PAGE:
Stroke has become the leading cause of death and disability in China with its incidence increasing in recent times [1, 2]. Thrombolysis with intravenous alteplase reduces disability associated with acute ischemic stroke and improves patient outcomes. However, most patients fail to reach the hospital in time to qualify for reperfusion therapy [3, 4]. The main reason for this is the delayed arrival to the emergency department, with less than 25% of the patients arriving within 3 h [3, 4]. Evidence indicates that use of emergency medical services (EMS) use is crucial to reduce pre-hospital delay [4, 5, 6, 7]. However, the use of EMS at the time of stroke involves a complex “knowledge-to-action” process [8, 9]. Although recognition of stroke symptoms may prompt the intent to call EMS [10, 11], knowledge of stroke does not necessarily imply that the individual will call EMS [9, 12, 13]. Thus, only some of the individuals who recognize the onset of a stroke will call an ambulance [9, 10, 12, 13, 14], indicating a huge gap between the knowledge of stroke symptoms and appropriate action [6]. Our previous report from FAST-RIGHT also showed that 34.9% of adults recognized stroke onset but failed to call EMS [15]. Adults in the 75–99 age group are likely to experience stroke onset more frequently than those in the 40–74 age group [16]. However, greater disability and cognitive impairment, and the poor use of health care in the older population may negatively affect their behavior towards stroke onset [17, 18]. The potential factors behind wait-and-see behaviors may be different in the 75–99 age group. Therefore, based on data collected from the FAST-RIGHT study, we aimed to determine the risk factors associated with avoiding an immediate ambulance call when identifying stroke onset, and whether these factors differed between the 40–74 and 75–99 age groups.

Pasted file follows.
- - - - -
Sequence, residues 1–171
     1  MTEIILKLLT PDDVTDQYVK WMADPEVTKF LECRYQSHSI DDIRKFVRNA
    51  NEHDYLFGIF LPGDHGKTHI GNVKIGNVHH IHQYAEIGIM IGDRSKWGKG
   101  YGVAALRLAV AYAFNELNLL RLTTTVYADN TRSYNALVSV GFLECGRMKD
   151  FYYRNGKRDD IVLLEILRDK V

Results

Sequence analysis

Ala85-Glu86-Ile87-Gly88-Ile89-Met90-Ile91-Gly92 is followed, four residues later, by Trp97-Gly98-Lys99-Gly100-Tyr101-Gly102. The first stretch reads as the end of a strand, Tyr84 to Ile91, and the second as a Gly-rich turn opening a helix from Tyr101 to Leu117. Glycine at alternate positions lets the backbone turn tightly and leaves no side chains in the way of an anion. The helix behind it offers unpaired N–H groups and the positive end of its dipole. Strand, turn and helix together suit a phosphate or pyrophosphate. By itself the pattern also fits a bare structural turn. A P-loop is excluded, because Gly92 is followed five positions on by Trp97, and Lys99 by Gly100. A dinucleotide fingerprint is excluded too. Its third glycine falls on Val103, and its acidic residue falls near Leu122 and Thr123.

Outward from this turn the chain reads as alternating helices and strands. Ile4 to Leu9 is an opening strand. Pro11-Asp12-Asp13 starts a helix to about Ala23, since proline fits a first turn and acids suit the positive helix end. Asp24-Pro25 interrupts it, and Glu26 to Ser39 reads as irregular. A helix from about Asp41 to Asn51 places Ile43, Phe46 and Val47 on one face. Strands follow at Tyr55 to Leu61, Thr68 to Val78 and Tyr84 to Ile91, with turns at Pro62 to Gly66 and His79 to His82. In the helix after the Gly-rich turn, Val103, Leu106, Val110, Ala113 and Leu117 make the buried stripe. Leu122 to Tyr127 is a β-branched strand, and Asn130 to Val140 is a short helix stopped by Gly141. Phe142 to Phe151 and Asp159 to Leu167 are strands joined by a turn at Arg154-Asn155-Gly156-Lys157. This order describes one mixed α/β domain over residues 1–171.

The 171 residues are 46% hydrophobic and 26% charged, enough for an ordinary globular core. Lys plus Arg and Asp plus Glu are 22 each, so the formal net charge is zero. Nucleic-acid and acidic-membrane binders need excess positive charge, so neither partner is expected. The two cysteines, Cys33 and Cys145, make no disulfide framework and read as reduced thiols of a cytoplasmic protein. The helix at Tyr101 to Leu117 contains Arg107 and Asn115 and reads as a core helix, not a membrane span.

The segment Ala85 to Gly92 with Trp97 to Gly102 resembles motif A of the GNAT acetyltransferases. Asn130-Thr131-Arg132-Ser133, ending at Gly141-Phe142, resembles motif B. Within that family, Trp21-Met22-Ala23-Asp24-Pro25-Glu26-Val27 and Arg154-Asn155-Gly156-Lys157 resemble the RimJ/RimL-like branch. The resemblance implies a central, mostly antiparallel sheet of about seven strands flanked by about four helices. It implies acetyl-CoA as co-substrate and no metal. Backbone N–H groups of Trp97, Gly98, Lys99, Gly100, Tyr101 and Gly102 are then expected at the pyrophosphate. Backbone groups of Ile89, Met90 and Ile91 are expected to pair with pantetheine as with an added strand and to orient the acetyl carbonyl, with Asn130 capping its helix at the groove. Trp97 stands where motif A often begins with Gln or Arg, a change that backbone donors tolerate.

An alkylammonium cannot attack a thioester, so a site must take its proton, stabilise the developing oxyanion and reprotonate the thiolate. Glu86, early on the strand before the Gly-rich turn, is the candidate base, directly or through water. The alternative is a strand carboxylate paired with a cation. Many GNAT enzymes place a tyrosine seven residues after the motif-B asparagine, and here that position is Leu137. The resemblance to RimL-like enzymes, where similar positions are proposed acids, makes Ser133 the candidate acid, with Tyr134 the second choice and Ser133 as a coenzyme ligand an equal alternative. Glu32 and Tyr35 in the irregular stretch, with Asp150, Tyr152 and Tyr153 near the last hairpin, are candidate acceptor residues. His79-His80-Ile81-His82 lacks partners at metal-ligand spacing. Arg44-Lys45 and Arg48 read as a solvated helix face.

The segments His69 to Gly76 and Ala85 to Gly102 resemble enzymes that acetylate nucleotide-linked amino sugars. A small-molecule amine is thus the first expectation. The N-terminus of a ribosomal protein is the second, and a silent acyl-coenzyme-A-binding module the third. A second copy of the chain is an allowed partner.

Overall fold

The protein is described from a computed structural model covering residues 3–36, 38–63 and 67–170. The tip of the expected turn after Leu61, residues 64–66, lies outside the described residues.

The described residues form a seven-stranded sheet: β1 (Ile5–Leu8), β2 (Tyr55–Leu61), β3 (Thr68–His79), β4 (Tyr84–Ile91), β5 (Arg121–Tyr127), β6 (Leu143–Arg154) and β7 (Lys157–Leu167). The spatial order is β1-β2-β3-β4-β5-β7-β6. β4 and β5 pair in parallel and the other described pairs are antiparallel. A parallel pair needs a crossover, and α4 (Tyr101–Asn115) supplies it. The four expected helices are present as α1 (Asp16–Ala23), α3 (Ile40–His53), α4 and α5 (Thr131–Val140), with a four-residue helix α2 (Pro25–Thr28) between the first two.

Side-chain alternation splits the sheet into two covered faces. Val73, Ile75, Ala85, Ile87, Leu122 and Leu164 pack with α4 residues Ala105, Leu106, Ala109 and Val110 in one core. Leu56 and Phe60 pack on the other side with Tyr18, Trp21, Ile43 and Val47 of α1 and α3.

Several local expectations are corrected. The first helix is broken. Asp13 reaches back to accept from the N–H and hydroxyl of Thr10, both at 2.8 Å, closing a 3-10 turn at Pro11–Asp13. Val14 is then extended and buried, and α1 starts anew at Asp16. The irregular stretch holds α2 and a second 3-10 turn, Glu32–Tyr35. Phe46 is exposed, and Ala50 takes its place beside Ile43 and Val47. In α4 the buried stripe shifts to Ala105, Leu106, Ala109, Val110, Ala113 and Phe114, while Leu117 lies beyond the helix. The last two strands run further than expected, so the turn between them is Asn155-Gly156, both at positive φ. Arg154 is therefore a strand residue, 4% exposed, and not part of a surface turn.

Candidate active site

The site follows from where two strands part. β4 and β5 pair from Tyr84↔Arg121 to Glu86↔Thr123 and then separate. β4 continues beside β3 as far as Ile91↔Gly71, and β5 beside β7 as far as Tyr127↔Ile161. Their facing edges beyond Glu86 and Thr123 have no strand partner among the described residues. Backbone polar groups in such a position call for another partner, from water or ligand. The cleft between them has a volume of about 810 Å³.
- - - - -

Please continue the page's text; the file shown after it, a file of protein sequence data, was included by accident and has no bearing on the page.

Methods

The data were derived from the FAST-RIGHT database, which is part of the China National Stroke Screening Survey (CNSSS). More details of the CNSSS can be found on the CNSSS official website [19], and have also been described in our previous publications [15, 20]. Briefly, the CNSSS was a cross-sectional community-based survey with a 2-stage stratified sampling framework based on county-level demographic data that was conducted between January 2017 and May 2017. The FAST-RIGHT study recruited 69 of the 221 administrative areas from the CNSSS and only screened residents aged 40 years and above in each community [15]. All participants were screened by trained research staff using a standard face-to-face questionnaire that covered information about socio-demographic, medical and family history, lifestyle factors, and included four specific questions regarding stroke awareness (See Additional file 1: Appendix 2). All screening data were transferred from questionnaires to an electronic database and checked centrally for completeness and errors by an experienced data manager. Finally, individuals who recognized stroke symptoms in the FAST-RIGHT study were analyzed for our report. The FAST-RIGHT study was approved by the central ethics committee of Peking Union Medical College Hospital (the principal study center), and all participants provided written informed consent.